Burn Out and Boredom

  • #1

Main Question or Discussion Point

My post is about burn out in learning physics, but could apply to many creative activities, for example in programming I've experienced the same thing.

So like a month ago maybe I started working through my college physics textbook (I took the course before but I was overloaded and ended up withdrawing from it; the good thing is that I have a fantastic physics textbook now, great for self study).

Before this last study session, a while ago I went through and did a bunch of problems from the textbook, so this time I didn't do too many problems and focused on understanding the theory. I focused on understanding where the formulas used for solving problems come from (i.e. I would do the derivations, trying to understand algebraically/intuitively why the formulas hold true, and I used the internet to help me find the build ups where necessary).

I got side tracked by a game called "Arx Fatalis", which I wholeheartedly recommend if you're into that kind of thing. And then I wanted the magical escape from reality to continue so I downloaded Fallout III. I'm almost done with that, so I will return to physics. It's really the only thing that brings me pleasure (STEM learning in general), besides my other hobby of game development and watching Dragon Ball Z Kai/Super every week. Also I will play Ultima Ascendant when that comes out, probably, but the kind of video game I can lose myself in only comes out every couple years or so. Anyway ...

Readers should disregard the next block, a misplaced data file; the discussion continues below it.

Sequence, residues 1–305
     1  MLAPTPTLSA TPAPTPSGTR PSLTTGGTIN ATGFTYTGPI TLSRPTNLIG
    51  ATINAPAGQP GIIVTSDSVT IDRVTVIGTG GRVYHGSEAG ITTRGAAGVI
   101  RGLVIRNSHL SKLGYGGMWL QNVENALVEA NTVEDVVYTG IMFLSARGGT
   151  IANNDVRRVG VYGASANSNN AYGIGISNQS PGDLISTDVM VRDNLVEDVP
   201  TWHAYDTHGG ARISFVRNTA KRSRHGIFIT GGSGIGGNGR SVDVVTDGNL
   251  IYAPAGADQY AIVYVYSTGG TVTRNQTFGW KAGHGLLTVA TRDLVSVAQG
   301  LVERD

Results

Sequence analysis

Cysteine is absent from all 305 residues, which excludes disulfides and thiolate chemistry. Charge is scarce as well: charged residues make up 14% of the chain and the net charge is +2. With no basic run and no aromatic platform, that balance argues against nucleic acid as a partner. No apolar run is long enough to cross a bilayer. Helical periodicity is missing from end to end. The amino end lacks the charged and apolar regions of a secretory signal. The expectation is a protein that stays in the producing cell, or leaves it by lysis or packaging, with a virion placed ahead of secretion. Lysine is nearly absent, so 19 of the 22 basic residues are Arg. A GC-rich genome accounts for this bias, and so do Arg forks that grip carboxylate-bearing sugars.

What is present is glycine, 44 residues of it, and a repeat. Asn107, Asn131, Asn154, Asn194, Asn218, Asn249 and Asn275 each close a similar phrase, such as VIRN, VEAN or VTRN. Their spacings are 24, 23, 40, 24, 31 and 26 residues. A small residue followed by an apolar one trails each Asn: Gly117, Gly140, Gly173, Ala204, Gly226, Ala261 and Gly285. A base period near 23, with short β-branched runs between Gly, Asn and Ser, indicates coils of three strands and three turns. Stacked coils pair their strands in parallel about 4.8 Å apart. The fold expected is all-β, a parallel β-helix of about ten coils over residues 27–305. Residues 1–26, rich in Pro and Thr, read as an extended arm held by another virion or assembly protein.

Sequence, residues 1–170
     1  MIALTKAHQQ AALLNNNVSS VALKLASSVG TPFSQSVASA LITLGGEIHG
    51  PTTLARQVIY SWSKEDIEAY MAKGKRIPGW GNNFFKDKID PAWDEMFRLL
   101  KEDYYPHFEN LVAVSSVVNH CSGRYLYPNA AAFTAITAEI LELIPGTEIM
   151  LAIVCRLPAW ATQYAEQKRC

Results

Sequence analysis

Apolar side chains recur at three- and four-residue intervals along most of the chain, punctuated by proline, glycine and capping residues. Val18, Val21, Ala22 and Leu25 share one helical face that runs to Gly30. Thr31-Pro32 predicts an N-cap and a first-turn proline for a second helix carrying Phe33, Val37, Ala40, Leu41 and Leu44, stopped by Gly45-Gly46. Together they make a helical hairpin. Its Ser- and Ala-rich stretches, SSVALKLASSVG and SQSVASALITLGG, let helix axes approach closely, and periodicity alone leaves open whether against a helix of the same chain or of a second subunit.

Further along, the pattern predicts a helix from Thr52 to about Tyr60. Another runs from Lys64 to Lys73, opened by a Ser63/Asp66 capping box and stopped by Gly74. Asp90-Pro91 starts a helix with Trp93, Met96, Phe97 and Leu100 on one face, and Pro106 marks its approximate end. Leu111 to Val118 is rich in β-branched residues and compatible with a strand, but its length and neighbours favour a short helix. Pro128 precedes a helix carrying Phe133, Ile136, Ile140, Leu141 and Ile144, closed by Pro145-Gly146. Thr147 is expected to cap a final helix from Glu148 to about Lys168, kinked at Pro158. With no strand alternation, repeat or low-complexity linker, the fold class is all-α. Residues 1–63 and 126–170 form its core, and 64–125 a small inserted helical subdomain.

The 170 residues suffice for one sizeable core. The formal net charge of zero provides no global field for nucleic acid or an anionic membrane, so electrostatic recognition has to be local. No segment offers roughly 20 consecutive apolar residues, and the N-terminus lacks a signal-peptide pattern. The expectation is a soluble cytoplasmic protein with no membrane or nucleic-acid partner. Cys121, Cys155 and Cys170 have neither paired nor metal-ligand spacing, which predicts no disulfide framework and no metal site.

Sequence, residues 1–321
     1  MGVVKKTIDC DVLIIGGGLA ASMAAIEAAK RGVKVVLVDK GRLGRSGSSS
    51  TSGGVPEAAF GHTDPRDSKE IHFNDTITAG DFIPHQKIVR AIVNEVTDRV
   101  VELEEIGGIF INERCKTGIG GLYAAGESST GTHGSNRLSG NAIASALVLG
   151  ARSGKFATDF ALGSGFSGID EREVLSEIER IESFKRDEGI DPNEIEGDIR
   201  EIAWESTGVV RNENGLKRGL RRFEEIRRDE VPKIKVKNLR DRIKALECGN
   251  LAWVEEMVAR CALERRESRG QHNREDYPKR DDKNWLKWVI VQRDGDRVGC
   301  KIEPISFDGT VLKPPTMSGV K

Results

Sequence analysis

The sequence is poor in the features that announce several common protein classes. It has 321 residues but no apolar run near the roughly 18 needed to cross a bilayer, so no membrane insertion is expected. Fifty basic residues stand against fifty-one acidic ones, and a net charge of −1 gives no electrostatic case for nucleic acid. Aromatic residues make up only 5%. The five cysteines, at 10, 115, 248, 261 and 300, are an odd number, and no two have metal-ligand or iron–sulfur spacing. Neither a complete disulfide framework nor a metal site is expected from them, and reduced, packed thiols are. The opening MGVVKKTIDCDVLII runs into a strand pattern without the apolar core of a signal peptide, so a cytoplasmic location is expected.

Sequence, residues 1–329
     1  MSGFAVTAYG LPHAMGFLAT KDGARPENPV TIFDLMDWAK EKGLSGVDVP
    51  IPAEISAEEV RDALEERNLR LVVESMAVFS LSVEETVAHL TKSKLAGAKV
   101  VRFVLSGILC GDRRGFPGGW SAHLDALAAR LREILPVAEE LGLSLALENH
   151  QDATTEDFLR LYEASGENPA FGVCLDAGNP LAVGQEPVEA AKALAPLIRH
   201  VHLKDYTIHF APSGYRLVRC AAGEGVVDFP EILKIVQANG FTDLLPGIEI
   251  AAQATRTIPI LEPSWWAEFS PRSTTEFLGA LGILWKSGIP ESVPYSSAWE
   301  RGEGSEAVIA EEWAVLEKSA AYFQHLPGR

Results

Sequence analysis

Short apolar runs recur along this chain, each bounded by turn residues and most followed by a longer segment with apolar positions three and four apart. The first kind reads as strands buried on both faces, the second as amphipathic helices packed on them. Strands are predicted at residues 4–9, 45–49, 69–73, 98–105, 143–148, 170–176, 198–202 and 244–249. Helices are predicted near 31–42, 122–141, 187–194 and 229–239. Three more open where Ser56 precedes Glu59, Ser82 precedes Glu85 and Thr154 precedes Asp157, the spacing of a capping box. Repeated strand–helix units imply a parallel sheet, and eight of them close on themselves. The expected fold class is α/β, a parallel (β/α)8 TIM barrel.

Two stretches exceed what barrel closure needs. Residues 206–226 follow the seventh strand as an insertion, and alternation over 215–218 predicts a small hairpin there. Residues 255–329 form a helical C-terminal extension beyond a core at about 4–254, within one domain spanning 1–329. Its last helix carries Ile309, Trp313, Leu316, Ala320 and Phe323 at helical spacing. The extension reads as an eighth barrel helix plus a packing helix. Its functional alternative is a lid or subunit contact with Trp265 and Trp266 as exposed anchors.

Even without being side tracked by video games, I find it hard to motivate myself to do hard learning a lot of the time. I worked through the first 8 chapters of my physics textbook in just about a week (just doing the derivations for the formulas and skipping what I already knew).

How do you guys keep your mojo going? Is there still more fun physics to learn even after many years of this?
 

Answers and Replies

  • #2
George Jones
Staff Emeritus
Science Advisor
Gold Member
7,273
808
I find it hard to motivate myself to do hard learning a lot of the time.
I think it is different for different people. For me, the first 10 minutes is the hardest. If I can force myself to be immersed in something for 10 minutes without being distracted, I find that I often can continue working for substantially longer. I find that being somewhere without access to a computer or phone helps.

IHow do you guys keep your mojo going? Is there still more fun physics to learn even after many years of this?
I am 57, and I still love reading about physics and maths. I have three "projects" on which I want to work to today, one of which is studying for fun the book "Mathematical Gauge Theory with applications to the Standard Model of Particle Physics" by Mark Hamilton (400 pages of abstract maths followed by 240 pages that "apply" this abstract math to particle physics). The other two projects are work-related, writing a small section of a paper for which my colleague has been asking, and learning material on quantum computing, so that I can stay ahead of the student that I am supervising in a self-directed learning (for the student and for me!) course.

All this stuff to do, and, here I am procrastinating on Physics Forums! Proof that I cannot ignore a computer that is in front of me!
 
  • #3
Bystander
Science Advisor
Homework Helper
Gold Member
5,173
1,176
being somewhere without access to a computer or phone helps.
"Hear, hear!"
 

Related Threads on Burn Out and Boredom

  • Last Post
Replies
22
Views
3K
  • Last Post
Replies
9
Views
2K
  • Last Post
Replies
4
Views
8K
  • Last Post
Replies
11
Views
2K
  • Last Post
Replies
9
Views
3K
Replies
9
Views
6K
  • Last Post
Replies
16
Views
7K
  • Last Post
6
Replies
134
Views
13K
  • Last Post
Replies
14
Views
3K
  • Last Post
Replies
4
Views
1K
Top